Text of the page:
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Lecture Notes on Hybrid Systems, c J. Lygeros, 2004 3 1. Continuous time, if the set of times is a subset of the real line. We will use t ∈ R to denote continuous time. Typically, the evolution of the state of a continuous time system is described by an ordinary diﬀerential equation (ODE). Think of the linear, continuous time system in state space form x = Ax. ˙ 2. Discrete time, if the set of times is a subset of the integers. We will use k ∈ Z to denote discrete time. Typically, the evolution of the state of a discrete time system is described by a diﬀerence equation. Think of the linear discrete time system in state space form xk+1 = Axk . 3. Hybrid time, when the evolution is over continuous time but there are also discrete “instants” where something “special” happens. More on this in Chapter 3.Continuous state systems can be further classiﬁed according to the equations used to describe theevolution of their state 1. Linear, if the evolution is governed by a linear diﬀerential equation (continuous time) or diﬀerence equation (discrete time). 2. Nonlinear, if the evolution is governed by a nonlinear diﬀerential equation (continuous time) or diﬀerence equation (discrete time).Exercise 1.2 The linear vs nonlinear classiﬁcation generally does not apply to discrete state orhybrid systems. Why?In this class we will start by giving some examples of the the following classes of systems: 1. Nonlinear (continuous state), continuous time systems. 2. Nonlinear, discrete time systems. 3. Discrete state, discrete time systems.We will then concentrate on hybrid state, hybrid time systems and highlight the diﬀerences fromthe other classes. Classes of systems that will not be treated at all include: • Inﬁnite dimensional continuous state systems described, for example, by partial diﬀerential equations (PDE). • Discrete state systems with an inﬁnite number of states, e.g. Petri nets, push down automata, Turing machines. • Stochastic systems, i.e. systems with probabilistic dynamics.1.3 Examples1.3.1 Pendulum: A Nonlinear, Continuous Time SystemConsider a pendulum hanging from a weight-less solid rod and moving under gravity (Figure 1.1).Let θ denote the angle the pendulum makes with the downward vertical, l the length of the pendulum,m its mass, and d the dissipation constant. The evolution of θ is governed by ¨ ˙ mlθ + dlθ + mg sin(θ) = 0This is a nonlinear, second order, ordinary diﬀerential equation (ODE).
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Lecture Notes on Hybrid Systems, c J. Lygeros, 2004 4 θ l mg Figure 1.1: The pendulum 1.5 x2 1 0.5 x1 0 −0.5 −1 −1.5 −2 0 1 2 3 4 5 6 7 8 9 10 t Figure 1.2: Trajectory of the pendulum.Exercise 1.3 Derive this equation from Newton’s laws. Why is this ODE called nonlinear?To determine how the pendulum is going to move, i.e. determine θ as a function of time, we wouldlike to ﬁnd a solution to this ODE . Assuming that at time t = 0 the pendulum starts as some initial ˙position θ0 and with some initial velocity θ0 , “solving the ODE” means ﬁnding a function of time θ(·) : R → Rsuch that θ(0) = θ0 ˙ ˙ θ(0) = θ0 ¨ ˙ mlθ(t) + dlθ(t) + mg sin(θ(t)) = 0, ∀t ∈ RSuch a function is known as a trajectory (or solution) of the system. At this stage it is unclearif one, none or multiple trajectories exist for this initial condition. Existence and uniqueness oftrajectories are both desirable properties for ODE that are used to model physical systems.For nonlinear systems, even if a unique trajectory exists for the given initial condition, it is usuallydiﬃcult to construct explicitly. Frequently solutions of ODE can only be approximated by simula-tion. Figure 1.2 shows a simulated trajectory of the pendulum for l = 1, m = 1, d = 1, g = 9.8, ˙θ(0) = 0.75 and θ(0) = 0.To simplify the notation we typically write dynamical system ODE in state space form x = f (x) ˙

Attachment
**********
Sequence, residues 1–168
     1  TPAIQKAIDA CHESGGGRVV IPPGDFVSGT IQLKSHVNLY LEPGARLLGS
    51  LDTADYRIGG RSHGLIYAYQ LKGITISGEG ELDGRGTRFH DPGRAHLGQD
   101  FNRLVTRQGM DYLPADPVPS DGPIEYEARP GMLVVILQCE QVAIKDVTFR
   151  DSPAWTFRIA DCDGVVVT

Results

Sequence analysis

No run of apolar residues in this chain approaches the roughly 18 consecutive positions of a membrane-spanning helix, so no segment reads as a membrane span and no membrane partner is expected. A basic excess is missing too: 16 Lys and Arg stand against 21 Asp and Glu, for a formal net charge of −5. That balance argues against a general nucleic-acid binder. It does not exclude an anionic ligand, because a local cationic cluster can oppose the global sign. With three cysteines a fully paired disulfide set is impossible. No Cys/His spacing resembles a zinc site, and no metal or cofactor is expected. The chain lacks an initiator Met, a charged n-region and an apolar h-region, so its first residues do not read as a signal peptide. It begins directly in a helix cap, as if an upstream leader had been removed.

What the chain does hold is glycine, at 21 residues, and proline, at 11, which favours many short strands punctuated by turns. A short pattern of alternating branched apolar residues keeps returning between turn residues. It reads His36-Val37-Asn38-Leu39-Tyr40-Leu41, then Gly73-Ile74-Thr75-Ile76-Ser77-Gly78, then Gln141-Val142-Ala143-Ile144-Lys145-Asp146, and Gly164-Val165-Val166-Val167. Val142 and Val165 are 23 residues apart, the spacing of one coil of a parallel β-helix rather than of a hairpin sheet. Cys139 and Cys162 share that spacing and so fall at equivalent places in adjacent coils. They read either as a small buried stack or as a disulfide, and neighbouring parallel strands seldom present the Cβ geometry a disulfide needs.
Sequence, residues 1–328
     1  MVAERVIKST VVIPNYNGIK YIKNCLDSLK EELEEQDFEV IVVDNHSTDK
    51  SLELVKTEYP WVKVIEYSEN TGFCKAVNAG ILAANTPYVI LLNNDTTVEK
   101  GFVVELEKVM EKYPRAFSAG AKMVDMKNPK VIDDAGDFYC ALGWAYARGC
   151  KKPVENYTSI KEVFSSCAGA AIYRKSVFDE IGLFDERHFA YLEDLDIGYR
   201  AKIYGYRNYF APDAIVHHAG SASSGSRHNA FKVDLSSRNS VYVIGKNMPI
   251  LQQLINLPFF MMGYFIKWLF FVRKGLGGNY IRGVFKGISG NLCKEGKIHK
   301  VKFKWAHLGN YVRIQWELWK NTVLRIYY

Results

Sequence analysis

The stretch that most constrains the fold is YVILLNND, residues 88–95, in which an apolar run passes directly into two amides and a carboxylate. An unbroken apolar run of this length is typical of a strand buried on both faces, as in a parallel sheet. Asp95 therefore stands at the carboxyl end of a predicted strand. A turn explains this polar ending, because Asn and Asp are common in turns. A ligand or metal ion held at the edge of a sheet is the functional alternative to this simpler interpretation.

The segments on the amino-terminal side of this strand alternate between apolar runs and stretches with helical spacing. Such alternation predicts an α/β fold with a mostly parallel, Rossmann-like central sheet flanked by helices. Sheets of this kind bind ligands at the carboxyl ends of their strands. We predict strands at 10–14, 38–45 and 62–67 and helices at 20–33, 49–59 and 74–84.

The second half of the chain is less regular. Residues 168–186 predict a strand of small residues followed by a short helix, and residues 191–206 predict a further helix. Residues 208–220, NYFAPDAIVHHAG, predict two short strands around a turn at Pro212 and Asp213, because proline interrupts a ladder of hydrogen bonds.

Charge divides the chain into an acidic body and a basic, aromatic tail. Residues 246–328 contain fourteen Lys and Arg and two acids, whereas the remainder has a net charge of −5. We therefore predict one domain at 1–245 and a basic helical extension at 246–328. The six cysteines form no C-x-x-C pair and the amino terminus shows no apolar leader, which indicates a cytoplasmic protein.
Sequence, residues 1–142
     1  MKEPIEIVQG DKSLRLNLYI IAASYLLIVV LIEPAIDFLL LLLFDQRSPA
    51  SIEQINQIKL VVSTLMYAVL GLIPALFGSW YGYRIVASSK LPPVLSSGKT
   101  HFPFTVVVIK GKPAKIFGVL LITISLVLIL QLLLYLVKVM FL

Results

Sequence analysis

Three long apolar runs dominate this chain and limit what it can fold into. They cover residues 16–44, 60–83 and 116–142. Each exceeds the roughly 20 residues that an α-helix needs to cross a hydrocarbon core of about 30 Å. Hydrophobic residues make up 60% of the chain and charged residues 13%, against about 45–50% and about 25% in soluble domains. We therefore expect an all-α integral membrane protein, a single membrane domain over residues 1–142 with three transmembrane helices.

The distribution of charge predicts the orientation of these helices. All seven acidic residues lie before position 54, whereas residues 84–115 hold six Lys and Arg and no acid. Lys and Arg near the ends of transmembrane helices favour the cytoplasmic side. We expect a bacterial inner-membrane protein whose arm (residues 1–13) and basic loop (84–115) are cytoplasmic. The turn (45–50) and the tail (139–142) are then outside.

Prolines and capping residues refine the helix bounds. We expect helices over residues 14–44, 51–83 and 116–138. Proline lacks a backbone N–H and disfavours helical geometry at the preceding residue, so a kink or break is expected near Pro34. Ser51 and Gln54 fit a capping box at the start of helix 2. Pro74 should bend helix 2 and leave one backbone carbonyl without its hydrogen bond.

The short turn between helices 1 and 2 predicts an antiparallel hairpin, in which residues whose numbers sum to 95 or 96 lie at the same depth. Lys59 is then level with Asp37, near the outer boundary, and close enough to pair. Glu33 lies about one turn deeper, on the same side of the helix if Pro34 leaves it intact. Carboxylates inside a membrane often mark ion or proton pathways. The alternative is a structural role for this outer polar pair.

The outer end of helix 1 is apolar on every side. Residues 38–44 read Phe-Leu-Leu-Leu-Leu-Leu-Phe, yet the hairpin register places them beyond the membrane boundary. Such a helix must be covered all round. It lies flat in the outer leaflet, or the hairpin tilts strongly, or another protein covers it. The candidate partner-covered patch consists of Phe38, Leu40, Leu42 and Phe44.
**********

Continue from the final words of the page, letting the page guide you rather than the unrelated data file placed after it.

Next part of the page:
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Lecture Notes on Hybrid Systems, c J. Lygeros, 2004 5 0.6 0.4 0.2 θ ˙ 0 −0.2 −0.4 −0.6 −0.25 −0.2 −0.15 −0.1 −0.05 0 0.05 0.1 0.15 0.2 0.25 θ Figure 1.3: The pendulum vector ﬁeld.where x is now a vector in Rn for some appropriate n ≥ 1. The easiest way to do this for thependulum is to set x1 θ x= = ˙ x2 θwhich gives rise to the state space equations x1 ˙ x2 x= ˙ = = f (x) ˙ x2 − g sin(x1 ) − l d m x2The vector x ∈ R2is called the state of the system. The size of the state vector (in this case n = 2) is called thedimension of the system. Notice that the dimension is the same as the order of the original ODE.The function f (·) : R2 → R2which describes the dynamics is called a vector ﬁeld, because is assigns a “velocity” vector to eachstate vector. Figure 1.3 shows the vector ﬁeld of the pendulum.Exercise 1.4 Other choices are possible for the state vector. For example, for the pendulum one ˙ ˙can use x1 = θ3 + θ and x2 = θ. What would the vector ﬁeld be for this choice of state?Solving the ODE for θ is equivalent to ﬁnding a function x(·) : R → R2such that x1 (0) θ0 x(0) = = ˙ x2 (0) θ0 x(t) = f (x(t)), ∀t ∈ R. ˙For two dimensional systems like the pendulum it is very convenient to visualise the solutions byphase plane plots. These are plots of x1 (t) vs x2 (t) parameterised by time (Figure 1.4).
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Lecture Notes on Hybrid Systems, c J. Lygeros, 2004 6 1.5 1 0.5 0 θ ˙ −0.5 −1 −1.5 −2 −0.6 −0.4 −0.2 0 0.2 0.4 0.6 0.8 θ Figure 1.4: Phase plane plot of the trajectory of Figure 1.2. 1 0.9 0.8 0.7 0.6 f (x) 0.5 0.4 0.3 0.2 0.1 0 0 0.1 0.2 0.3 0.4 0.5 0.6 0.7 0.8 0.9 1 x Figure 1.5: The logistic map.1.3.2 Logistic Map: A Nonlinear Discrete Time SystemThe logistic map xk+1 = axk (1 − xk ) = f (xk ) (1.1)is a nonlinear, discrete time dynamical system that has been proposed as a model for the ﬂuctuationsin the population of fruit ﬂies in a closed container with constant food supply [78]. We assume thatthe population is measured at discrete times (e.g. generations) and that it is large enough to beassumed to be a continuous variable. In the terminology of the previous section, this is a onedimensional system with state xk ∈ R, whose evolution is governed by the diﬀerence equation (1.1)given above.The shape of the function f (Figure 1.5) reﬂects the fact that when the population is small it tendsto increase due to abundance of food and living space, whereas when the population is large it tendsto decrease, due to competition for food and the increased likelihood of epidemics. Assume thata ≤ 4 and that the initial population is such that 0 ≤ x0 ≤ 1.Exercise 1.5 Show that under these assumptions 0 ≤ xk ≤ 1 for all k ∈ Z with k ≥ 0.The behaviour of xk as a function of k depends on the value of a.